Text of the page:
What Happens in Vegas Actually Stays Green

What Happens in Vegas Actually Stays Green

Although Las Vegas’ brand is based upon living a life of glamorous excess, the city has recently taken steps to become more sustainable. In fact, the legendary Las Vegas Strip is rapidly becoming a model of green living.

lake meadBecause the growing city is located in a desert that only gets 4 inches of rain annually, water conservation measures are becoming increasingly important. Southern Nevada’s water source, Lake Mead, hit its lowest levels in history in 2016, coming just feet away from triggering official “shortage” restrictions for Nevada and Arizona. With continued higher-than-normal temperatures predicted for the Southwest, the flow of the Colorado River, which supplies the lake, is forecast to further decline.

In addition to addressing an increasingly dire water situation, Las Vegas is realizing that it needs to better manage its waste disposal processes. Nearly 40 million people visit the city every year, and these guests create a sizable amount of trash. However, because land is relatively inexpensive, residents have mainly relied on landfills to dispose of their waste. In fact, Nevada’s rate of recycling hovers around a mere 20 percent—more than 10 percent less than the national average.

Driving this increased environmental awareness is the rise in popularity of the green movement. As more and more people demand environmental accountability from the businesses they patronize, large corporations such as MGM Resorts International, Caesars Entertainment, and Las Vegas Sands Corp. are responding by developing comprehensive environmental strategies.

The following are a few of the areas in which Las Vegas companies have implemented solutions:

Energy and Water Conservation

According to the Southern Nevada Water Authority, the large hotels on the Strip, with their numerous pools and dancing fountains, as well as their millions of guests, still manage to consume only 3 to 4 percent of the water in southern Nevada. They are able to keep water use low by capturing, treating, and then reusing all of the water cycling through their facilities.  Other water-saving measures include replacing all showerheads and toilets with water-saving devices.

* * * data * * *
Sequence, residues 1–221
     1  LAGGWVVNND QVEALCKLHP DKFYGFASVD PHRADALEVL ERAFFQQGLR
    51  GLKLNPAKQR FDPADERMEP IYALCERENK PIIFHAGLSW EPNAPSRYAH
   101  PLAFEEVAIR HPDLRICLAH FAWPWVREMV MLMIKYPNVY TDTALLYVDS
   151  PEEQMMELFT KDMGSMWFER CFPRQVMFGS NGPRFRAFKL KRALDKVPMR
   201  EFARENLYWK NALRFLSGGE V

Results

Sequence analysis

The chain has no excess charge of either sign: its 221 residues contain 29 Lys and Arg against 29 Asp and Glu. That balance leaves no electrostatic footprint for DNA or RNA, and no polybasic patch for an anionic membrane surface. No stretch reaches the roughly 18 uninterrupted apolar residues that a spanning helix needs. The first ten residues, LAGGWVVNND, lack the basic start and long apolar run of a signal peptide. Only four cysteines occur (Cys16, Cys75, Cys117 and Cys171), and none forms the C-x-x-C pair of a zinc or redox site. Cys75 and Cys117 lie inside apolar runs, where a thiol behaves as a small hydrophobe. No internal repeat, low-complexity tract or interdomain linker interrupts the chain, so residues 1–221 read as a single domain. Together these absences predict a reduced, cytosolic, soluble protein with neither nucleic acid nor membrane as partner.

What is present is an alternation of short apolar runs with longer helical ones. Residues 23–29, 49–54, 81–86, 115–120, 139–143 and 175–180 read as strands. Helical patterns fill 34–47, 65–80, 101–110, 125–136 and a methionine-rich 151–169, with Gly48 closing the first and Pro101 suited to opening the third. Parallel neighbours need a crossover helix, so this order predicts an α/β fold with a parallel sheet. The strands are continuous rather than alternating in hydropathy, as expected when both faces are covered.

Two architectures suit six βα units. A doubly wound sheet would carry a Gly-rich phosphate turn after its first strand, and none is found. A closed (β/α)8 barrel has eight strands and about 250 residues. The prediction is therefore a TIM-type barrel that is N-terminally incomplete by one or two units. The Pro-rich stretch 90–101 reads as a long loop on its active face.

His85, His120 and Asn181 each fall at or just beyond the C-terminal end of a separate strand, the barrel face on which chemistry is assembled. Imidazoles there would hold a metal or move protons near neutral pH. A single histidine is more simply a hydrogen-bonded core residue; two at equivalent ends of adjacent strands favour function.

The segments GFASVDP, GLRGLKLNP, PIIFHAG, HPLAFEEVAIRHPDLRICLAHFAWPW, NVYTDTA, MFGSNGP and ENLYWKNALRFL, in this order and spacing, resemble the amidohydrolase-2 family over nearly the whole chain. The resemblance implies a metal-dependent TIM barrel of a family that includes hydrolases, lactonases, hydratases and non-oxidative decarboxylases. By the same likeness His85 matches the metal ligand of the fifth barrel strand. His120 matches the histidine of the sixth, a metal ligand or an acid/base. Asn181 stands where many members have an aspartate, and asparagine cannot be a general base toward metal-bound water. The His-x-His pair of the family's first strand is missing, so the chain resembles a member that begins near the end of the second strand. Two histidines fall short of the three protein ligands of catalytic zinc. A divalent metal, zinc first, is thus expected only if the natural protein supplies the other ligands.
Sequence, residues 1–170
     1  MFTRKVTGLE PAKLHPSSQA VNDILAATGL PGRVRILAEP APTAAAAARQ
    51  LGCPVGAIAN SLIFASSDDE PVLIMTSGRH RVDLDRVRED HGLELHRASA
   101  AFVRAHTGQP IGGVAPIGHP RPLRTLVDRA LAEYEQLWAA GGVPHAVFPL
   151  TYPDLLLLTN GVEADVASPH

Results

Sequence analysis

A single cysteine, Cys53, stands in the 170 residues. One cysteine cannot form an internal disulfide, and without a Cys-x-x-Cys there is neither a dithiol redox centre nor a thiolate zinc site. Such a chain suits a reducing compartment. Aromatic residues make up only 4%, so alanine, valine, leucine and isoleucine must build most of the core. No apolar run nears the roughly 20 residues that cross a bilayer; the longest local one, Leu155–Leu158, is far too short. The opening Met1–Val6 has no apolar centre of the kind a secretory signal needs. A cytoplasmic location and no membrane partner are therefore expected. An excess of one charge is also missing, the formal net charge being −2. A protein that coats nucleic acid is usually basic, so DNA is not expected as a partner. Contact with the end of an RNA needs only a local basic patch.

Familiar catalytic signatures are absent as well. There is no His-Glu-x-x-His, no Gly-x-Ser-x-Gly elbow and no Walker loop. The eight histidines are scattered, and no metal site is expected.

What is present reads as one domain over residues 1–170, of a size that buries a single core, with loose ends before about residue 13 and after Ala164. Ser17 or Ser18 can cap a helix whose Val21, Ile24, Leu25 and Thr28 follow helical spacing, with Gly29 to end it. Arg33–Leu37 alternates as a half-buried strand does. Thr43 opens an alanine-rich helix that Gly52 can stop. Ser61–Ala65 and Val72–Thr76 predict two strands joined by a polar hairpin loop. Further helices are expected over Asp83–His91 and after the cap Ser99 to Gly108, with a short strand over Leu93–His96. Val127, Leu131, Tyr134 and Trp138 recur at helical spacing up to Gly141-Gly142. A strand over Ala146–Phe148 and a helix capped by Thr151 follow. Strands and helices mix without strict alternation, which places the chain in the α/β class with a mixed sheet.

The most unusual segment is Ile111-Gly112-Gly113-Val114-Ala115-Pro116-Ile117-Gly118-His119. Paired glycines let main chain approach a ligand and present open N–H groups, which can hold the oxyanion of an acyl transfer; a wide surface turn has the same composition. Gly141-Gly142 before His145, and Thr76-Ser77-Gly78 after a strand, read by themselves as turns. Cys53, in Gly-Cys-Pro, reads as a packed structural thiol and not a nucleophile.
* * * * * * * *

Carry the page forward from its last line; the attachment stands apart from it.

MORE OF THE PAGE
To conserve energy, some hotels have installed solar shades in their guestrooms and updated the boilers for their swimming pools with more sophisticated heat-exchange units. The Bellagio even replaced the lightbulbs in all of its 2,568 rooms with LED bulbs.

The city authorities have joined in the fight to save water by outlawing front yards in all new homes, regulating residents’ watering days and times, and imposing harsh fines on businesses that exceed their allotments of water. As a result, the city has reduced its overall water use by one-third since 2000 while growing its population by 500,000.

Green Building

MGM GrandFor its efforts in developing the CityCenter Las Vegas, MGM has received six Gold certifications from the U.S. Green Building Council’s Leadership in Energy and Environmental Design. This makes it the world’s biggest and greenest new construction project.

Las Vegas actually contains quite a few LEED-certified properties. One of these, the Palazzo, garnered acclaim as the “largest green building in the world” when it was awarded a Silver LEED Certificate in 2008. And Boyd Gaming, which owns several hotels on the Strip, recently earned the country’s first-ever LEED Silver certification for a laundry building.

Recycling and Waste Management

The biggest way these companies have been able to demonstrate their commitment to change has been through improving and updating their waste management systems. As a result, these businesses have made recycling available on all fronts and are composting food and plant waste while simultaneously donating reusable materials to local schools and organizations. Recently, the Venetian and the Palazzo, both owned by Las Vegas Sands Corp., won the Las Vegas Business Press’ Best Recycling Program award for their upstream sorting and incentive initiatives designed to increase the amount they divert from landfills.

Sustainable Supply Chain

BellagioGiven that the average large Las Vegas Strip hotel spends about $1 billion annually on its needs, they must be vigilant about working with those vendors who are equally eco-conscious. This is especially true regarding the hotels’ restaurants. Both the Mirage and the Bellagio have started implementing environmental procedures regarding food sourcing, choosing only meats and seafood from sustainable farms and even growing some produce on rooftop gardens to minimize the carbon costs incurred by trucking and packaging food.

Outreach and Education

MGM Resorts’ has instituted a corporate environmental responsibility program called “Green Advantage,” which ensures that employees at all of the company’s resorts are aware of and work to eliminate the firm’s impact on the world around them. To help employees learn more about Green Advantage, MGM Resorts has installed interactive touch-screens at employee entrances.

The Bellagio offers its employees weekly tips and newsletters that advise them how to be greener. It also hosts internal sustainability fairs to show employees how to act sustainably in their own homes.

Sorry, comments are closed for this post.